What is useful about blame, however, is the energy it gives us. As William Blake said: “Damn, braces: Bless relaxes.” Many of the problems we face collectively today do not admit of a solution, but at least some of the problems we face individually can be addressed by our own actions. Often this requires hard work on our part: growing your own vegetables, for instance, is going to involve a fair amount of physical labour. But pushing a wheelbarrow full of manure is a lot easier if you can tell yourself that by doing so you’re really sticking it to The Man.
And of course in many ways you are. One of the more insidious features of our culture is that it encourages individual passivity while pretending to do the opposite. Want to reduce your consumption of natural resources? Buy our product! Want to do – well, pretty much anything? Buy our product! And if you do buy their product, suddenly you’re even more deeply entangled in the whole mess of industrial civilisation and jobs and all the rest of it. It’s like a spider’s web: the harder you struggle to get out, the more stuck you get.
Blaming yourself can be a trap. Naturally you bear some share of the responsibility for where we all are, although probably not as much as you think. Most of what happens is the consequence of a vast number of mostly very small decisions, some of them made by you, and largely in good faith. Most people, most of the time, are just doing their best. Blaming yourself is no more appropriate than blaming anyone else, because no single person is wholly responsible for the outcome.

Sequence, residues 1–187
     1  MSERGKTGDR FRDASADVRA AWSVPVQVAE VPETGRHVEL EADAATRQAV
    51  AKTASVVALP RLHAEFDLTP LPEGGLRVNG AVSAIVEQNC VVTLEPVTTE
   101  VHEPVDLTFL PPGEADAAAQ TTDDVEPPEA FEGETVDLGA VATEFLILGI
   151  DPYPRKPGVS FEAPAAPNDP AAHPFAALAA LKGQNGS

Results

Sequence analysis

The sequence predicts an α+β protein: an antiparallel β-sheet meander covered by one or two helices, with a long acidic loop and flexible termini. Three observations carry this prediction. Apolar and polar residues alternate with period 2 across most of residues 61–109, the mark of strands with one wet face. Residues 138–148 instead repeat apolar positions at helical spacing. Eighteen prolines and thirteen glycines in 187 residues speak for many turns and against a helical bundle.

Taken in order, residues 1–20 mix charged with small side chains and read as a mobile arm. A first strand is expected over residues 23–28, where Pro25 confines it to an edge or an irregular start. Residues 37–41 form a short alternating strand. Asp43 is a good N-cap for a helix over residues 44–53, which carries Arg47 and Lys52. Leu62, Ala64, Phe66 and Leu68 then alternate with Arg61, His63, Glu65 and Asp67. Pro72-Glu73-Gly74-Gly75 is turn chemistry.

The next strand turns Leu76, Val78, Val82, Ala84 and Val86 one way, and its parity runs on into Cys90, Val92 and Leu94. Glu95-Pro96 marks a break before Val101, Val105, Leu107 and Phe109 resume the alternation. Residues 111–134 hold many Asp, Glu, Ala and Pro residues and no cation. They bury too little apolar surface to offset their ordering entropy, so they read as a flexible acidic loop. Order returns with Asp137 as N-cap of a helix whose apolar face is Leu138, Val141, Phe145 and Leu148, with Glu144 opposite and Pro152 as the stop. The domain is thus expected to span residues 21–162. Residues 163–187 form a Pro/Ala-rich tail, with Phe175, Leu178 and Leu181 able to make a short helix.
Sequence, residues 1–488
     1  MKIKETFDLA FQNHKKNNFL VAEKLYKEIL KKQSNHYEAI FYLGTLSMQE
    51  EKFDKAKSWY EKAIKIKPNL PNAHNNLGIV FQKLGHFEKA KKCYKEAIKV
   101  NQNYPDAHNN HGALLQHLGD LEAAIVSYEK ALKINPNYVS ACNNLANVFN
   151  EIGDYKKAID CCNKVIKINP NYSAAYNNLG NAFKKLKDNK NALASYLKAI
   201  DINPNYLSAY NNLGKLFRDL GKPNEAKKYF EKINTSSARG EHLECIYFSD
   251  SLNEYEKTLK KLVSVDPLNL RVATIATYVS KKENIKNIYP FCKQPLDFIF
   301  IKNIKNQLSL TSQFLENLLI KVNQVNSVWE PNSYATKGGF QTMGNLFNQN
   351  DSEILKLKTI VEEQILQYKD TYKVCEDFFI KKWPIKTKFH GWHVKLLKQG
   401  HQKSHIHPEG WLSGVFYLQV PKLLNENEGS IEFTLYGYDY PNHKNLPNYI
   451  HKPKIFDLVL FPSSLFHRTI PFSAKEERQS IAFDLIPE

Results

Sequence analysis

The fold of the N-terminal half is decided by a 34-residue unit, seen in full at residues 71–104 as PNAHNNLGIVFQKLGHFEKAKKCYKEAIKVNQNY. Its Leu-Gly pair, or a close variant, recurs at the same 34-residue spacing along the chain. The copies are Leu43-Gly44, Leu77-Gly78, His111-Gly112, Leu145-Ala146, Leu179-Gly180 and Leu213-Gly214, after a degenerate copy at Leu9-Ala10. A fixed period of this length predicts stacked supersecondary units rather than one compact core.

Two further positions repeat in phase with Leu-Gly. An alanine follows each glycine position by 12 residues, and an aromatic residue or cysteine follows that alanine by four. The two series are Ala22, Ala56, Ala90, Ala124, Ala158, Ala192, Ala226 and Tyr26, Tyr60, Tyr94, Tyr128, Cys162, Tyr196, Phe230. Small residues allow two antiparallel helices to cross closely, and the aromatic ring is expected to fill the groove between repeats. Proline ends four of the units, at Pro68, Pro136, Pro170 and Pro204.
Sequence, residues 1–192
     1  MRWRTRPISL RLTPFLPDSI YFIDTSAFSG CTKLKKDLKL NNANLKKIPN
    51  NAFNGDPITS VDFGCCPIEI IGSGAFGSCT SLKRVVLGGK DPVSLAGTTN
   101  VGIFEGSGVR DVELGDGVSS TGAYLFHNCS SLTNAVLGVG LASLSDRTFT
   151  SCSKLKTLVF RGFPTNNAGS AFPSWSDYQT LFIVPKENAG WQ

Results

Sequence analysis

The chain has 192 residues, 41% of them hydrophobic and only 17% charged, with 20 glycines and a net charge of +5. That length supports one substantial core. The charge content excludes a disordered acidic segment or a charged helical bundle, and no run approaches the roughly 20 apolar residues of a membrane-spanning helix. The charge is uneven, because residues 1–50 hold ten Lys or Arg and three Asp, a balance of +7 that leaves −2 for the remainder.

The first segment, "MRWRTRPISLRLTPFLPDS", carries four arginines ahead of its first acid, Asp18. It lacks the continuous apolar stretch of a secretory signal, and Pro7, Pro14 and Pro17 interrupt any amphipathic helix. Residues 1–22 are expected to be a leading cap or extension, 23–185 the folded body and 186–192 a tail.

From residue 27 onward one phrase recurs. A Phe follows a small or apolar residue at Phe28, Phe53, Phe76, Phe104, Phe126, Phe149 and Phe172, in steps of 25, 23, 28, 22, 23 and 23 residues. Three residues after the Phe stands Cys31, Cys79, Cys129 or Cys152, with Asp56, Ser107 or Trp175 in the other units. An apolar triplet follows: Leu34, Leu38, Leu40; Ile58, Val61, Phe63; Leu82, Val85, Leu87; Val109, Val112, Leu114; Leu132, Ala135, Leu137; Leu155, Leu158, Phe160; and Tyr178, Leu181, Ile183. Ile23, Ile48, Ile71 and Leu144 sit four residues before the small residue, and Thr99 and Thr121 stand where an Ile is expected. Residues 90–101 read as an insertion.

But attributing blame is attributing agency, and just as power brings responsibility, so too does responsibility bring power. You have no control over Exxon-Mobil – I don’t think any one person does have control over Exxon-Mobil, to the extent that they could stop it doing what it does – but you can choose to drive less, or to drive a more fuel-efficient vehicle. Not only will that make you feel better about yourself (and save you money), but if enough people start to make those choices then Big Oil is going to feel it.
As Gauguin said: “Life being what it is, one dreams of revenge.” Sometimes, though, the most obvious form of revenge is not the most effective. Where commercial organisations are concerned, the best way is to stop giving them your money. I have successfully resisted the temptation to send Bill Gates a letter-bomb, but I haven’t paid money for a Microsoft product in 25 years – for most of which time, by the way, I was a professional software developer. Likewise, by avoiding social media like the plague that it is, I have not allowed myself to be a commodity in the “attention economy.”
There are many small things you can change in your life than can make the world a better place for you and for others. You won’t be able to fix everything, but you don’t have to. And best of all, instead of taking the blame, you can take the credit.